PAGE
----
Society and Culture
This section covers material on women’s changing roles in culture and society. This includes women’s work and leisure and female organisations and activism, as well as women’s relationship to fashion and the arts.
The period of 1776-1928 saw the formation of an organised women’s movement in the United States, Britain and many other European countries. Early feminists campaigned for suffrage, increased employment opportunities and education for women, and sexual reform. Socialist feminists also had close connections with the trade union and labour movements which began in this period. In Britain and across Europe, the outbreak of the First World War created new roles for middle-class women as nurses and ambulance drivers at the front and in munitions factories although the war did little to change social and cultural conceptions of gender roles. This period also saw the birth of a number of new literary and artistic movements in which women played an important part. In the 1880s and 90s, New Woman writers used the medium of the novel to challenge women’s subordinate status in marriage. The rise of literary modernism in the early twentieth century opened up new ways for women to write about female experience and relations between women.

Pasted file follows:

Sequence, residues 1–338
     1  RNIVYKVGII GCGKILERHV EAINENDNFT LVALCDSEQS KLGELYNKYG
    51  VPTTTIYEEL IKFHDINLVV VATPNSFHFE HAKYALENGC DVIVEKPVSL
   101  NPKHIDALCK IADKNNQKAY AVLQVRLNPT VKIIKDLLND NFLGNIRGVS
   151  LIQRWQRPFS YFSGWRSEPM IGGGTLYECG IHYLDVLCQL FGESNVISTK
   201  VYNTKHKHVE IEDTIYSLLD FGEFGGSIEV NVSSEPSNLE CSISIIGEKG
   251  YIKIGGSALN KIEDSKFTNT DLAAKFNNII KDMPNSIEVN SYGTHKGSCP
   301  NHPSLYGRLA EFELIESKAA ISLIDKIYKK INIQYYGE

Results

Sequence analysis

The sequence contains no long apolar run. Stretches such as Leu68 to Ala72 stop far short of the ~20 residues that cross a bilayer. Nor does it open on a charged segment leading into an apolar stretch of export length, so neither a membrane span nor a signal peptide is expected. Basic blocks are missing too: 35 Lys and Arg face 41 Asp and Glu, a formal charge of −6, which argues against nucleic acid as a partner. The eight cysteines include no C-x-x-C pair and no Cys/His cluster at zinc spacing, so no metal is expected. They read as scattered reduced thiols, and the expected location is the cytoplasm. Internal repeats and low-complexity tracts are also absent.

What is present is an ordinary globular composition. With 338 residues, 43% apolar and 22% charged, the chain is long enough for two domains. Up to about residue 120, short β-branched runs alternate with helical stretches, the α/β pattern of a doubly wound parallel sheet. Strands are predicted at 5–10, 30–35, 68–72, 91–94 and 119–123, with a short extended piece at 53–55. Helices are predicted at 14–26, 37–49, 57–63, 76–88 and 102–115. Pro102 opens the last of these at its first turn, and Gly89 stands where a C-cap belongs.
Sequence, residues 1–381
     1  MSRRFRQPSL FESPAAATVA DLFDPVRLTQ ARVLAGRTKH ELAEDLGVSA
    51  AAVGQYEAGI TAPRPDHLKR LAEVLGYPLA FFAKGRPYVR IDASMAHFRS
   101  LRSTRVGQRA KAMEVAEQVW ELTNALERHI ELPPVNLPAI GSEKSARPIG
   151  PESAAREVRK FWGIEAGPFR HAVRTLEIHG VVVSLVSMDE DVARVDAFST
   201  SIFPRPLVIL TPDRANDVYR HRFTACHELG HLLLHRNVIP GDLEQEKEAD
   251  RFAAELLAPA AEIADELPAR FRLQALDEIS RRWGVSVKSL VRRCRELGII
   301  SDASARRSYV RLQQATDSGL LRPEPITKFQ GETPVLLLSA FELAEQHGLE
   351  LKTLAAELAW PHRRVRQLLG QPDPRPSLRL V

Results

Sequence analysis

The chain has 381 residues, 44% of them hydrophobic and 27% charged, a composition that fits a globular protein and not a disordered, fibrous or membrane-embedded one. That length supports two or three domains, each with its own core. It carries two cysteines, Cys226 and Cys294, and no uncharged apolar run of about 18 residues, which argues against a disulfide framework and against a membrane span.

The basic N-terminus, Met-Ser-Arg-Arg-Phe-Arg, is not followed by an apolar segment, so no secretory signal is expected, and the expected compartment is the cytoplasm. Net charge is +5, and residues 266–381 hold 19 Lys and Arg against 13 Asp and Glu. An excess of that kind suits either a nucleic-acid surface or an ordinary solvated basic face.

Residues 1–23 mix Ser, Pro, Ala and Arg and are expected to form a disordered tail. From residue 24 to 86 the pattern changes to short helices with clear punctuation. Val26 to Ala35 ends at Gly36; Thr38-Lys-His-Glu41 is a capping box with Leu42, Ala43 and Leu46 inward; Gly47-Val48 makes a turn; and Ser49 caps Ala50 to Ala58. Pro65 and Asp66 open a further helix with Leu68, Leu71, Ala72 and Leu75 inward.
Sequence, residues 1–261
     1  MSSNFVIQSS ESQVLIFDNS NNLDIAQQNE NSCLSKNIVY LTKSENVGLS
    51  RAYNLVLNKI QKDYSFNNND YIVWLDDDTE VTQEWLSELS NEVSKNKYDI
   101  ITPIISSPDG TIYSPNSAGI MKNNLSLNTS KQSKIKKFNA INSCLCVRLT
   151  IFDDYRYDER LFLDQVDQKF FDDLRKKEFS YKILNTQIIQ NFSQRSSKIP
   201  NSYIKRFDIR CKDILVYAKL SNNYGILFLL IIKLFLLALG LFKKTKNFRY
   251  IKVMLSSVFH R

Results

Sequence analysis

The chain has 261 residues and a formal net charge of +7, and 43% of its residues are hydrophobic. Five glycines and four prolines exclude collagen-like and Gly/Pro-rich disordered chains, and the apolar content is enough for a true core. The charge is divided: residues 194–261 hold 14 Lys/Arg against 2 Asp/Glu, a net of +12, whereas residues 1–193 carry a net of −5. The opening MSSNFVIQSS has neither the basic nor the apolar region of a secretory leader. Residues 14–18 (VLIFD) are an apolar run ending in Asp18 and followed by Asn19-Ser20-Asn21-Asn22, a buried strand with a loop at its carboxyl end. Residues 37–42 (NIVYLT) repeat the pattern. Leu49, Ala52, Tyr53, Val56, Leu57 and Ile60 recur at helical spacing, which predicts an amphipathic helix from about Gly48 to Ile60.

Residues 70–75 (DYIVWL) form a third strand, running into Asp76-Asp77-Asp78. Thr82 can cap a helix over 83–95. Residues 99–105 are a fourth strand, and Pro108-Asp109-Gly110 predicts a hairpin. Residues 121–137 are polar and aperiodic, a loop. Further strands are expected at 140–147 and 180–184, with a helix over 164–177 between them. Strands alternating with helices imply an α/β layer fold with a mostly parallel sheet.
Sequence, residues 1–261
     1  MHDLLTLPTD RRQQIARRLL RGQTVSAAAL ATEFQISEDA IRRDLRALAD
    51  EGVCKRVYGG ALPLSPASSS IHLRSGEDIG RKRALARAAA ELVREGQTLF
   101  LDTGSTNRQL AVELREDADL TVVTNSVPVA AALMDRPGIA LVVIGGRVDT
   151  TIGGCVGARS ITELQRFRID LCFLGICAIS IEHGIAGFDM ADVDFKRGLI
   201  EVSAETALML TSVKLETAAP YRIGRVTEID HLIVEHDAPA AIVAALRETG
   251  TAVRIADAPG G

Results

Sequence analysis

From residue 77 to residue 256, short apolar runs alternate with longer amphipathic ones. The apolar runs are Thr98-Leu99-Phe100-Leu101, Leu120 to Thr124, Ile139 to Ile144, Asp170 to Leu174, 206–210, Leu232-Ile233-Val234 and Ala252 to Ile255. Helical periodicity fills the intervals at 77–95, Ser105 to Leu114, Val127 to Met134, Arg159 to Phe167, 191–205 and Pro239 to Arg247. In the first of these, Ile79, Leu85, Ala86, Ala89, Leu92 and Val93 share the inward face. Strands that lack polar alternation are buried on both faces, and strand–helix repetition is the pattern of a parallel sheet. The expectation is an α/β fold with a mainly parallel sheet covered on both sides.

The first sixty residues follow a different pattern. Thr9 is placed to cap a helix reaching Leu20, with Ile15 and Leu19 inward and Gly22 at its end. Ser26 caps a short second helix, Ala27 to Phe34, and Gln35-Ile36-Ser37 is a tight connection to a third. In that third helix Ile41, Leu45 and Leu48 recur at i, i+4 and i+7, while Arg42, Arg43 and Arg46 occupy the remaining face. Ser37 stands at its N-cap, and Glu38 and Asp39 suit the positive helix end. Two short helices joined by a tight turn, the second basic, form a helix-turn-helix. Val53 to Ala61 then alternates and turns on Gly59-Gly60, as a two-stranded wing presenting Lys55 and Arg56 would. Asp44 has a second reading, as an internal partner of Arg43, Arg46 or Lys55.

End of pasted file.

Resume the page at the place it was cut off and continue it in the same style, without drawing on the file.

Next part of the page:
The study of women in society and culture of this period has been dominated by the discussion of separate spheres. Derived from Victorian domestic ideology, this phrase refers to the gendered division of roles in which woman is confined to the home whilst man belongs to the public realm of politics, industry and commerce. Much early work in the field is concerned with applying the model of ‘separate spheres’ to different areas of women’s experience and showing how women philanthropists and activists utilised this model to argue for the extension of women’s influence, for instance in the rescue of ‘fallen’ women and girls and in campaigning for votes for women. More recent scholarship has challenged the usefulness of separate spheres as an overarching paradigm for understanding gender role in Victorian and society on the basis that it overstates the distinction between public and private and excludes the experiences of many working-class and non-white women.
This section contains important early collections on the nineteenth-century woman by Lorna Duffin and Sara Delamont and by Martha Vicinus together with a substantial body of scholarship on Victorian prostitution and sexual reform. The section also contains two key historical studies on the impact of the First World War on women’s lives by Susan R. Grayzel and Gail Braybon. Primary material includes collections on women’s conduct literature and fashion, women’s Fabians tracts and radical pamphlets, and anthologies of primary texts relating to public debates about sexuality in late-Victorian Britain encompassing the journalism and selected letters of New Woman writer Sarah Grand.